A rainbow trout holding station in a South-West stream.

Getting into trout fishing can be quite daunting

I've received several emails and queries about trout fishing in recent weeks, so I thought I’d offer some freshwater fishing tips.

For many people, getting into trout fishing can be quite daunting and it is hard to know where to start.

I cut my teeth at Waroona Dam more than 30 years ago, catching trout on fly and trolled metal lures when this spot was at its peak.

I really didn’t know much else about trout in WA, but read Neil Coy’s Freshwater Fishing in South-West Australia time and again, such was my thirst for more knowledge.

It wasn’t until a few years later that I had a driver’s licence and started doing more trout fishing.

My goal was to try for them in rivers as well, and guided by info found in Fishing the Wild West, I started with the streams around Waroona.

Lo and behold, the first spot I tried I caught two big rainbows on bladed Celta lures, and I was instantly hooked on trout fishing.

Truth is trout aren’t all that hard to catch, but finding them in our South-West is the key and you need to have a plan.

The most likely way to succeed is to work out which waterways are stocked regularly because while there are some wild trout in WA, a high percentage of the fish caught each year are ones bred in the trout hatchery at Pemberton.

More than 600,000 trout of various sizes were released this year, so there are some places which have a large stock of fish and these are the best spots to try, especially for a beginner.

Visit the Fisheries or Recfishwest websites and you will be able to find stocking lists from recent years which will identify likely spots to try.

From the Serpentine River south, there are many well-stocked waterways including Harvey Dam, Big Brook Dam and Logue Brook Dam, and the Collie, Blackwood, Murray, Warren and Donnelly rivers.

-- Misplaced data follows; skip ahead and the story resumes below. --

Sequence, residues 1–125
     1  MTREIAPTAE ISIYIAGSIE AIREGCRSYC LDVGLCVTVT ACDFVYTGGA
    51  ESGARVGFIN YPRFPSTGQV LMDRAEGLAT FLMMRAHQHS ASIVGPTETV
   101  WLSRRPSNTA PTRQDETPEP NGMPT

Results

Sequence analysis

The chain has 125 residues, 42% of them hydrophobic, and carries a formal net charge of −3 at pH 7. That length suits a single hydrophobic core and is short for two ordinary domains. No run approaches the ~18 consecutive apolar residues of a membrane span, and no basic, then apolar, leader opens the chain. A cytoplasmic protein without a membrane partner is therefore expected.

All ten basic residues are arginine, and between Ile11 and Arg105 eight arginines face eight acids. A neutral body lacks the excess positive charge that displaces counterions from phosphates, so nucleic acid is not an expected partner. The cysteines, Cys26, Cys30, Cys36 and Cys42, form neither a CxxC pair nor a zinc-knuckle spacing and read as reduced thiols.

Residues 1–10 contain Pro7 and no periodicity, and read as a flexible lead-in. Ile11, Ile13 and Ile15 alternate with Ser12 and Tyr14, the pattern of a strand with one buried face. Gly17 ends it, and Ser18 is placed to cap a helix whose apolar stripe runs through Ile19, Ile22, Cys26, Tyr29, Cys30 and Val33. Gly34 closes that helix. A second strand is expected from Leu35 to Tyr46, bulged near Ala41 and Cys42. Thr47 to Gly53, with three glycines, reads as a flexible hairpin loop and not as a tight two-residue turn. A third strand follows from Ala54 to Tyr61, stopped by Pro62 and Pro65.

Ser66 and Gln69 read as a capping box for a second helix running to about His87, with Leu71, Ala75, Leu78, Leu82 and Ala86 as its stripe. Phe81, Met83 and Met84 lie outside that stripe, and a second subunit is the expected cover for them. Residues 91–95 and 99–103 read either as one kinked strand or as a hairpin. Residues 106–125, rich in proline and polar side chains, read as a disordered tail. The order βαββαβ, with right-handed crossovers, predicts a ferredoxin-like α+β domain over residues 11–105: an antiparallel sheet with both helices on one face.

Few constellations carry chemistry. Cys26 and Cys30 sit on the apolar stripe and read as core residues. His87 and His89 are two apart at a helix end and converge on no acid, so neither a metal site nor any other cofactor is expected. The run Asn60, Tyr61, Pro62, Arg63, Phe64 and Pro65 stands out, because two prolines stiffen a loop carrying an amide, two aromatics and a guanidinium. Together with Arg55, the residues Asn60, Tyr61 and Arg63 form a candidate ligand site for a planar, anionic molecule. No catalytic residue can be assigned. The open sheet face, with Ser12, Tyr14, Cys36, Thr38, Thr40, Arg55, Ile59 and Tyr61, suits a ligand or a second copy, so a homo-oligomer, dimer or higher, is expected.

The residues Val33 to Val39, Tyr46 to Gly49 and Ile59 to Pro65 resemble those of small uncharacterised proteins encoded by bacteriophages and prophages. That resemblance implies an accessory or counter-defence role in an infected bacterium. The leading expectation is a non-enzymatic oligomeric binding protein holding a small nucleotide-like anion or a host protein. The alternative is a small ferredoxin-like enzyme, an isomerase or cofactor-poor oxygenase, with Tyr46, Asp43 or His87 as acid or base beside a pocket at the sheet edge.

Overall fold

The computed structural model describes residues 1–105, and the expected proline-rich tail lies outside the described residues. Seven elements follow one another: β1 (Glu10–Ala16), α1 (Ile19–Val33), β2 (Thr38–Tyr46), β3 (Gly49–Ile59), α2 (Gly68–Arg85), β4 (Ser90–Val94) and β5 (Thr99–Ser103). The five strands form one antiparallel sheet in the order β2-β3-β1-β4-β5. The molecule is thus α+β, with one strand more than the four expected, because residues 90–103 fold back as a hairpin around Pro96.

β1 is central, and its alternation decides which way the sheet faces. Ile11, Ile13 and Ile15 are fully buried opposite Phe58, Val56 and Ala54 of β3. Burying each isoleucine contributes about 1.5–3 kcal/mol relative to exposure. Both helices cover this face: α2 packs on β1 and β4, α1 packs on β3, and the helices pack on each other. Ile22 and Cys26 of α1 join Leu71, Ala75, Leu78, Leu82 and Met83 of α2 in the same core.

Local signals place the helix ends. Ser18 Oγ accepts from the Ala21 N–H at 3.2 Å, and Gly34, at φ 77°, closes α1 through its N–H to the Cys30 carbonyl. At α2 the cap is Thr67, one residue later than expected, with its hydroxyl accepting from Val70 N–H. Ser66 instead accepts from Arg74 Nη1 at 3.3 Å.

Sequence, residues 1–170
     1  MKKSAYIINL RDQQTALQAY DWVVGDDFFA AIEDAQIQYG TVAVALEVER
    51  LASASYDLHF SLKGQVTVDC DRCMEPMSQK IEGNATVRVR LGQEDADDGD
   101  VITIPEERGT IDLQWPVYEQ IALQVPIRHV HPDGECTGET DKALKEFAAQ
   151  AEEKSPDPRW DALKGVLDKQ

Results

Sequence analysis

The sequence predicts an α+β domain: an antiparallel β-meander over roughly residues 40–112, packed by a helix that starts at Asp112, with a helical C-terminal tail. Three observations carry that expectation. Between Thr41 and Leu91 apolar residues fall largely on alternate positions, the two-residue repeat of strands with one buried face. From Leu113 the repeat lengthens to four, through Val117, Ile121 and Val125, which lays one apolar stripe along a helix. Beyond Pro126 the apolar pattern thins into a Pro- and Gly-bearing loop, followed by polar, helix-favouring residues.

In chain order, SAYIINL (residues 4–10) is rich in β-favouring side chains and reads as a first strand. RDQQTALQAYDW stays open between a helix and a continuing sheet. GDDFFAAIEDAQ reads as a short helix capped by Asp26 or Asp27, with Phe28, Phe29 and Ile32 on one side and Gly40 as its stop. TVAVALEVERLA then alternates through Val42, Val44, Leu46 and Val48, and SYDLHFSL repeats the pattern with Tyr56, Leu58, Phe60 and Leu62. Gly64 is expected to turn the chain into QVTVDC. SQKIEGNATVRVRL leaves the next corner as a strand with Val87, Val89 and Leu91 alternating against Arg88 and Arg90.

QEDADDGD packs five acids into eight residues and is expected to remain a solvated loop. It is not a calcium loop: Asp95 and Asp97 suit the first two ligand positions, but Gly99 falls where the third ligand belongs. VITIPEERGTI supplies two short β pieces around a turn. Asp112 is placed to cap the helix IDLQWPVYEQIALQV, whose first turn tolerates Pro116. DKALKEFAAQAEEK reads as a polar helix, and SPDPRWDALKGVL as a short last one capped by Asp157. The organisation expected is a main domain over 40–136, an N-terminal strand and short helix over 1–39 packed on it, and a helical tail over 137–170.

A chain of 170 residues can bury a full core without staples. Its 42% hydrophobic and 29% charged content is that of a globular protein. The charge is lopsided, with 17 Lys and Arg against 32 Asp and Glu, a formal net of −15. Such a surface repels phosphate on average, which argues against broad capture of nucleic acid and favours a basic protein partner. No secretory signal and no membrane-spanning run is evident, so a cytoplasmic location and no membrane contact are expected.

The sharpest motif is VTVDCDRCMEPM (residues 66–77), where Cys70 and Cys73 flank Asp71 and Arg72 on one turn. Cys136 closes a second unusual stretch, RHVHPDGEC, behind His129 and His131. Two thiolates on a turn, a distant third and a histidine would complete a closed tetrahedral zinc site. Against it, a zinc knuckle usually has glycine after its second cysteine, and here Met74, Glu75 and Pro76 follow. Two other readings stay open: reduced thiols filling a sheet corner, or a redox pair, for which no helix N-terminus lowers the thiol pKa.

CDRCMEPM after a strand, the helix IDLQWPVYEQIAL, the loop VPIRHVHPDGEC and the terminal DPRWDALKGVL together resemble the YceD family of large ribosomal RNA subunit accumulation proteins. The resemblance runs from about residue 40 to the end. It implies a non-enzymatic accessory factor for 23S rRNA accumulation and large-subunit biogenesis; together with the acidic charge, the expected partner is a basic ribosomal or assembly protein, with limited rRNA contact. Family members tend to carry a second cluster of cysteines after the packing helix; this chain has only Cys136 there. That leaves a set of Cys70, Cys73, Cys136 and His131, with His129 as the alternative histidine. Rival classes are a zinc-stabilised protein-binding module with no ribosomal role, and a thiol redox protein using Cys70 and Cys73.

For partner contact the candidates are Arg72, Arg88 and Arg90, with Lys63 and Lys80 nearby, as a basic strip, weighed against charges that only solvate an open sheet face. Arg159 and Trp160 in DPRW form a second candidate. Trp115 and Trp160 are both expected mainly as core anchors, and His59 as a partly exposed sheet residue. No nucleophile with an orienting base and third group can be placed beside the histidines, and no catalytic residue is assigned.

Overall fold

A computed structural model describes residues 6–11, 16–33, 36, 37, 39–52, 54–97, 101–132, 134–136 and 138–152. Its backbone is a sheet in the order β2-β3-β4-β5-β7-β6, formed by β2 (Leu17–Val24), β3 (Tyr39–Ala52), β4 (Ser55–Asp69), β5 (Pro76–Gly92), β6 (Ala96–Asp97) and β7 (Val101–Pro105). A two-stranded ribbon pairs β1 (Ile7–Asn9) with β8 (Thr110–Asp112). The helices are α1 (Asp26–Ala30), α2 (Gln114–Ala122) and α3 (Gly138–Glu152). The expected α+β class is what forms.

Once you’ve chosen a destination, the next step is to give it a go and now is a good time to try, as water levels will be dropping back after the winter rains and the rivers and streams will become more fishable as that happens, although that’s not so crucial in dams.

Light 2-3kg spinning outfits are a great option for trout rookies.

While trout will take bait, the excitement they provide on lures is far superior in my opinion and they are a lot of fun to catch this way.

They are suckers for small minnow lures to around 6cm long, especially in rainbow trout/pink colouration, and these can be used in dams and rivers.

Floating lures are great, especially in overgrown rivers where casting is difficult as they can be allowed to run downstream with the flow and then retrieved back into the current.

Bladed lures like Celtas can also be very effective, as can small metals.

When you reach your spot, start casting and don’t be afraid to keep moving, especially in rivers and streams where fish will hold in certain locations ideal for feeding and you need to find them.

Trout will at times be found in amazingly skinny water, so don’t be too quick to dismiss spots.

They don’t fight dirty so you are unlikely to be broken off even on light gear, but the aggressive hits, energetic leaps and striking looks make them a memorable catch.

If your love for trout fishing grows, you may like to try fly fishing, but that dark art is a whole new article!

Remember that a freshwater licence is required to catch trout.

Caption: A rainbow trout holding station in a South-West stream.